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Tea Tree Oil

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This fact sheet provides basic information about tea tree oil—common names, usefulness and safety, and resources for more information.

 

Common Names:  tea tree oil, tea tree, Australian tea tree oil, tea tree essential oil, melaleuca oil

Latin Name: 
Melaleuca alternifolia

Background

  • Tea tree oil comes from the leaves of the tea tree and has been used as a traditional medicine for cuts and wounds by the aboriginal people of Australia.
  • Today, tea tree oil is often used externally for various conditions such as acne, athlete’s foot, lice, nail fungus, cuts, and insect bites.
  • Tea tree oil is obtained by steam distillation of tea tree leaves. It is used topically (applied to the skin), and is an ingredient in a variety of skin products.

How Much Do We Know?

  • Only a small amount of research has been done on the topical use of tea tree oil for health conditions in people.

What Have We Learned?

  • A limited amount of research indicates that tea tree oil might be helpful for acne, nail fungus, and athlete’s foot.

What Do We Know About Safety?

  • Tea tree oil should not be swallowed. Taking it orally can cause serious symptoms such as confusion and ataxia (loss of muscle coordination).
  • Most people can use topical products containing tea tree oil without problems, but some people may develop contact dermatitis (an allergic skin rash) or skin irritation on the parts of the body where the product was used.

Keep in Mind

  • Tell all your health care providers about any complementary or integrative health approaches you use. Give them a full picture of what you do to manage your health. This will help ensure coordinated and safe care.

NCCIH Clearinghouse

The NCCIH Clearinghouse provides information on NCCIH and complementary and integrative health approaches, including publications and searches of Federal databases of scientific and medical literature. The Clearinghouse does not provide medical advice, treatment recommendations, or referrals to practitioners.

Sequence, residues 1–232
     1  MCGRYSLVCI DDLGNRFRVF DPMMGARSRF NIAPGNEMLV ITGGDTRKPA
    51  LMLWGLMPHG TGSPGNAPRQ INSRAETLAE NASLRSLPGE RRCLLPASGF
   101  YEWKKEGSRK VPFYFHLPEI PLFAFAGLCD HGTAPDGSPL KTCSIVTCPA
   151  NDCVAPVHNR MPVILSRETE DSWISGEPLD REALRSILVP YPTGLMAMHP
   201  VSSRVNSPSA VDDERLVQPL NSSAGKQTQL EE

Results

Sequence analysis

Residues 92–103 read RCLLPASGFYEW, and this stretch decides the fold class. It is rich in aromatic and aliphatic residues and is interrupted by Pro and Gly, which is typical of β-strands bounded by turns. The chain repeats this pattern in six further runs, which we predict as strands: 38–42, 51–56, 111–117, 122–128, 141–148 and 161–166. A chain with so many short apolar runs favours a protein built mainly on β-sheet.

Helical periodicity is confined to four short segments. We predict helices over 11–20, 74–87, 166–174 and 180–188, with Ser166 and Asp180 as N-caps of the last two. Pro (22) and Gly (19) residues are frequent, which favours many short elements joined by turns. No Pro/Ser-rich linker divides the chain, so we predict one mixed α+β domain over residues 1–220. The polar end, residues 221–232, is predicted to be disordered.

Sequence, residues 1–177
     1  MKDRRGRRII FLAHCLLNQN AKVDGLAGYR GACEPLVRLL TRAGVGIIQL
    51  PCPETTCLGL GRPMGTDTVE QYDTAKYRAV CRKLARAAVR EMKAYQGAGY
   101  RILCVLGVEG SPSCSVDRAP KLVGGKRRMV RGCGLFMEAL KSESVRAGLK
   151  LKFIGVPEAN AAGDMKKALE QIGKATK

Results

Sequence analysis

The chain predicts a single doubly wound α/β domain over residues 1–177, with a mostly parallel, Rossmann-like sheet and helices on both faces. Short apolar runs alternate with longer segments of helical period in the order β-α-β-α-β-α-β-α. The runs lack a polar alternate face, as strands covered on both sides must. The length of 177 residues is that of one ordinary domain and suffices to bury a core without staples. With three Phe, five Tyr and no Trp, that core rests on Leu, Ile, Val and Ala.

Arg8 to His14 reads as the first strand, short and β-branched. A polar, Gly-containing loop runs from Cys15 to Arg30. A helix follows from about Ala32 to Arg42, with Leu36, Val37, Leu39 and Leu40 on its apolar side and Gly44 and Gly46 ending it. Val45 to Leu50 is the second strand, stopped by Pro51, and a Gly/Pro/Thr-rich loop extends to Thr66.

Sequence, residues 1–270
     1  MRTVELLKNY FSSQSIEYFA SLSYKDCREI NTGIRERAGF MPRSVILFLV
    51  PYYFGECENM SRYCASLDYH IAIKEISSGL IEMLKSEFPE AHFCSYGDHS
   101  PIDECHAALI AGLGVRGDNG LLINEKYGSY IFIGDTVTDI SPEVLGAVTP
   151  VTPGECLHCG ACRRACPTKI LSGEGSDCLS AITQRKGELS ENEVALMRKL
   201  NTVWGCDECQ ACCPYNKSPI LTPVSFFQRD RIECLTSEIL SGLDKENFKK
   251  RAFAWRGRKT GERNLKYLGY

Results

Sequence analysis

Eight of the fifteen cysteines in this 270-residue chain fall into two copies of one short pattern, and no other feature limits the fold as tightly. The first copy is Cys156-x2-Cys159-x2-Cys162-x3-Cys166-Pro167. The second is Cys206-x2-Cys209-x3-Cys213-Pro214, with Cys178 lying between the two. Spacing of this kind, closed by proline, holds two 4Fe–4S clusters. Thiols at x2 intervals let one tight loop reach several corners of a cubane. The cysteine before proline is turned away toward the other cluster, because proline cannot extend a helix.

Toll-free in the U.S.: 
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PubMed®

A service of the National Library of Medicine, PubMed® contains publication information and (in most cases) brief summaries of articles from scientific and medical journals. For guidance from NCCIH on using PubMed, see How To Find Information About Complementary Health Approaches on PubMed.

Office of Dietary Supplements (ODS), National Institutes of Health (NIH)

ODS seeks to strengthen knowledge and understanding of dietary supplements by evaluating scientific information, supporting research, sharing research results, and educating the public. Its resources include publications (such as Dietary Supplements: What You Need to Know), fact sheets on a variety of specific supplement ingredients and products (such as vitamin D and multivitamin/mineral supplements), and the PubMed Dietary Supplement Subset.

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Key References

  • Jack AR, Norris PL, Storrs FJ. Allergic contact dermatitis to plant extracts in cosmetics. Seminars in Cutaneous Medicine and Surgery. 2013;32(3):140-146.
  • Tea Tree Oil. Natural Medicines Web site. Accessed at naturalmedicines.therapeuticresearch.com on April 28, 2015. [Database subscription].

This publication is not copyrighted and is in the public domain. Duplication is encouraged.

NCCIH has provided this material for your information. It is not intended to substitute for the medical expertise and advice of your primary health care provider. We encourage you to discuss any decisions about treatment or care with your health care provider. The mention of any product, service, or therapy is not an endorsement by NCCIH.
NCCIH Publication No.: 
D459
Updated: 
September 2016

This publication is not copyrighted and is in the public domain. Duplication is encouraged.


NCCIH has provided this material for your information. It is not intended to substitute for the medical expertise and advise of your primary health care provider. We encourage you to discuss any decisions about treatment or care with your health care provider. The mention of any product, service, or therapy is not an endorsement by NCCIH.


U.S. Department of Health & Human Services, National Institutes of Health, National Center for Complementary and Integrative Health

nccih.nih.gov

This page last modified December 01, 2016